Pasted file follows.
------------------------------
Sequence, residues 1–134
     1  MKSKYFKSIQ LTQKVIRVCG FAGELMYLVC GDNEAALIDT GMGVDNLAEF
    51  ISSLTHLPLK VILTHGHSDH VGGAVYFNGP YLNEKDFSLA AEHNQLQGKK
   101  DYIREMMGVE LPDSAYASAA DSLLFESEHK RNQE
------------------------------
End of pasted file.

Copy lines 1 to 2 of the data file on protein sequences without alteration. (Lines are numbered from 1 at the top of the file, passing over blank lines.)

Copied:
Sequence, residues 1–134
     1  MKSKYFKSIQ LTQKVIRVCG FAGELMYLVC GDNEAALIDT GMGVDNLAEF